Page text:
The same allegiance to tradition that makes missionary proselyting difficult also demands ingenuity in doing member-missionary work. About fourteen years ago, in Premia de Mar, a small suburb of Barcelona, Mari Carmen Clavet and Carol B. Rivero began holding home Relief Society. No branch existed in the town. The majority of the twenty-five women who attended were not members of the Church, but they still seemed to enjoy the prayerfully selected lessons prepared each week.
When four baptisms resulted from the Premia sisterhood, missionaries were sent to the small town and established the Premia de Mar Branch, although there were no priesthood holders at the time. For several years missionaries served as branch presidents, until a returned missionary, Javier Garriga—once a Primary student of Sister Rivero—moved to Premia de Mar. He now serves as branch president.
In another suburb, Hospitalet, Ramon and Gloria Arriaga regularly invite nonmember friends and family to their weekly family home evenings. “Sometimes we’ve had as many as ten to twelve visitors,” they say. “We make goals during the week of whom to help or invite, always trying to show love to someone lonely.” Their two children were called at the same time to serve missions in Madrid, Spain’s capital. “You might say we’ve been on a mission through our children,” their mother says. “We lived every minute of their service for the Lord and felt the blessings flow.”
Young members like Ferran Silvestre are representative of the up-and-coming generation of Barcelona Saints. Ferran finally joined the Church at age twenty, although his parents had been baptized when he was twelve. When two missionaries gained Ferran’s trust, he listened to the discussions. Those sessions, along with his study of the Book of Mormon, brought him an undeniable spiritual confirmation of the truth of the gospel.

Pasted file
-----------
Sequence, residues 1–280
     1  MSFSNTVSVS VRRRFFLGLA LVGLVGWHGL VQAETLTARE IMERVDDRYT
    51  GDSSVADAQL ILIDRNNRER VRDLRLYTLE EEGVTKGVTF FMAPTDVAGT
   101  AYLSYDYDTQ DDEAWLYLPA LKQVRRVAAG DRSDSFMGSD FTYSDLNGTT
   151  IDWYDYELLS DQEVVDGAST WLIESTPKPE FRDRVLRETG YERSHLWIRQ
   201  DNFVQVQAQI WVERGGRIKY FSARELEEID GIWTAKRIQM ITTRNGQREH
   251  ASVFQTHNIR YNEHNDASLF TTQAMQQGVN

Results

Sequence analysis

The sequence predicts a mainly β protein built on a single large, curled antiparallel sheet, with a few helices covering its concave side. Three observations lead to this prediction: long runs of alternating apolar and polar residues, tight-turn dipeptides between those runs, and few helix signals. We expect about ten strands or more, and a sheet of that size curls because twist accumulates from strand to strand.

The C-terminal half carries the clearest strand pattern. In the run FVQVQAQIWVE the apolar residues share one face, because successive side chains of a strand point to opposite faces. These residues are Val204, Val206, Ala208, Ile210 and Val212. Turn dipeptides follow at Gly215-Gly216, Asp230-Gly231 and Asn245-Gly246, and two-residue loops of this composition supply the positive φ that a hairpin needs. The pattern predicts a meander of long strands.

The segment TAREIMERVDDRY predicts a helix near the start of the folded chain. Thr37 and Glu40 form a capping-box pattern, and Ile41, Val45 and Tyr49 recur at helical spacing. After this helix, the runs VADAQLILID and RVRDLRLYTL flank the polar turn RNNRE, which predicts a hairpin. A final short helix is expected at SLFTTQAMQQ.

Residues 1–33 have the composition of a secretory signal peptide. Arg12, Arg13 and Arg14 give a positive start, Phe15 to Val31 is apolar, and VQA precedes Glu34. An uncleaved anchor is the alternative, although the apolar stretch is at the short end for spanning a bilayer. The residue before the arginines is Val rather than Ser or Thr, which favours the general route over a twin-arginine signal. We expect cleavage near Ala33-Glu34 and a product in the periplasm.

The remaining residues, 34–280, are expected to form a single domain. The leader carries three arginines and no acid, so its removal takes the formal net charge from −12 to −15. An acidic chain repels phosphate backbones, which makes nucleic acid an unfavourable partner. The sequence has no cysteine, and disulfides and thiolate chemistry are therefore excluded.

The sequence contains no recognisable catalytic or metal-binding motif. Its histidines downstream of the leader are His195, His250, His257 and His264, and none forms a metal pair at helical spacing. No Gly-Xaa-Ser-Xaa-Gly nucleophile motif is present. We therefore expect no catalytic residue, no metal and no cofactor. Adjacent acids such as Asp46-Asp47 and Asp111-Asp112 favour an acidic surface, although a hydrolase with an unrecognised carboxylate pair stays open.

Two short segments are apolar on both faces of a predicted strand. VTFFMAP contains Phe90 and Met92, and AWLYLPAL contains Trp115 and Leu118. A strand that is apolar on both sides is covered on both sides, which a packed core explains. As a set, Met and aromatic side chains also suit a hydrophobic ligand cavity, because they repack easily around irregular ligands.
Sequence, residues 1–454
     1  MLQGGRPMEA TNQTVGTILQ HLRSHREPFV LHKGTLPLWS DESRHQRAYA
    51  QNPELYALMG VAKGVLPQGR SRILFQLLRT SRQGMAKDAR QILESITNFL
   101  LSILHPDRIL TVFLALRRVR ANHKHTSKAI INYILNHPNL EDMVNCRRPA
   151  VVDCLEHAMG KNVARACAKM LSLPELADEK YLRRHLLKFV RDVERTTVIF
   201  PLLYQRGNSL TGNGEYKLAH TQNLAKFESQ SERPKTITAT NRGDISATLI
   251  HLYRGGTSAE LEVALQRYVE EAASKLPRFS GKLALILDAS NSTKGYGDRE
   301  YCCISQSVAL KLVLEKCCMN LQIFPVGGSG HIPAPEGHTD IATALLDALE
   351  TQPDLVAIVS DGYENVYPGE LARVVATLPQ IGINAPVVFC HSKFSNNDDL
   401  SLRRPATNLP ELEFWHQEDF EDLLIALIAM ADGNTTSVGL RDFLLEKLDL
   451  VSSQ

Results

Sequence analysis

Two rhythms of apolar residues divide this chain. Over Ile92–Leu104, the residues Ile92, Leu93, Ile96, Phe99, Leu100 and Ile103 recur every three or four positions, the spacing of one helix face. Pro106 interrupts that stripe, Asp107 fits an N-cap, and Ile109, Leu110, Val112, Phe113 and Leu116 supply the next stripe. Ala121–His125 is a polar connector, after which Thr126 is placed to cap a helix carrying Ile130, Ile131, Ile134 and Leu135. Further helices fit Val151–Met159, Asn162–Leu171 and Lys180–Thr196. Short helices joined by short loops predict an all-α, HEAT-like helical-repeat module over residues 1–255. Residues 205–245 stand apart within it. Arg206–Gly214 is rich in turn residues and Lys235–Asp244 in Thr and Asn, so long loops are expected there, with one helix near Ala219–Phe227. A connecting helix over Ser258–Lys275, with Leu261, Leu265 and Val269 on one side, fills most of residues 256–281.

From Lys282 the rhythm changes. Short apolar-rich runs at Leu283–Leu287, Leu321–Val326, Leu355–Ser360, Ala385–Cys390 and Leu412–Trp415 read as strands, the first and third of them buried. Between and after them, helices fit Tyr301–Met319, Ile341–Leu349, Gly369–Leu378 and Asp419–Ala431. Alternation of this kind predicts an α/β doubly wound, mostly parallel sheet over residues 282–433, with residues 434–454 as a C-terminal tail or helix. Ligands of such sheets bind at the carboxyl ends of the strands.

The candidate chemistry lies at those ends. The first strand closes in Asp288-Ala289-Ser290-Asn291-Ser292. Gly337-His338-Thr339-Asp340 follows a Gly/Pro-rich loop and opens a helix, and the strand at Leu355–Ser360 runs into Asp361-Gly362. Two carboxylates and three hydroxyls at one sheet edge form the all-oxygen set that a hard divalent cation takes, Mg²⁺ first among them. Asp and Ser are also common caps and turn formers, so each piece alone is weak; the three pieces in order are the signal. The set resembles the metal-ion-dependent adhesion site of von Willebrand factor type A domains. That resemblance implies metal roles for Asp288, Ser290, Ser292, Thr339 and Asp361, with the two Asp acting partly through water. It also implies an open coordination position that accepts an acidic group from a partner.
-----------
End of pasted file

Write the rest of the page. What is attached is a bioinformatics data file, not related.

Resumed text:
After spending a year in compulsory military service, Ferran still wanted to go on a mission, although by then he was in his mid-twenties. He has now returned from a mission to Washington, D.C., which he describes as “the experience of my life.”
The conversion of Carlos Rodriguez and his wife, Julia, dates back nearly twenty years. As a young married couple, they struggled to find the truth and finally decided to go to India on a religious quest. While driving through Turkey, they were stranded when their car broke down. They decided to stay there, turning their search to an investigation of Islam. But one day Carlos began reading the Bible, and he realized he was a Christian, with a deep sense of gratitude for Jesus Christ.
The Rodriguezes returned to Spain, convinced that somewhere they would find the truth in a Christian church. In Barcelona, Carlos discovered a copy of the Book of Mormon among the few belongings he had stored there, and he began reading it. He became so absorbed that he read the book nonstop, without eating or sleeping, for forty-eight hours. As soon as he finished, he led Julia to an LDS meeting-place, hoping to find someone to teach him more. Unfortunately, it was Saturday afternoon, and no one was around. Just after Julia gave up and went home—telling him, “We can go to the chapel tomorrow, dear”—two missionaries arrived. A week later, Carlos and Julia were baptized. Carlos now serves as bishop in one of the Barcelona wards.
These members are typical of the growing Church membership in Barcelona. They found the time, the strength, and the desire to accept the restored gospel when the Holy Ghost touched their lives and brought them to baptism. The work-hours are still long. But somehow there is always time for Church meetings, missions, and temple excursions for these pioneer members in Spain, who serve the Lord with enthusiasm and devotion.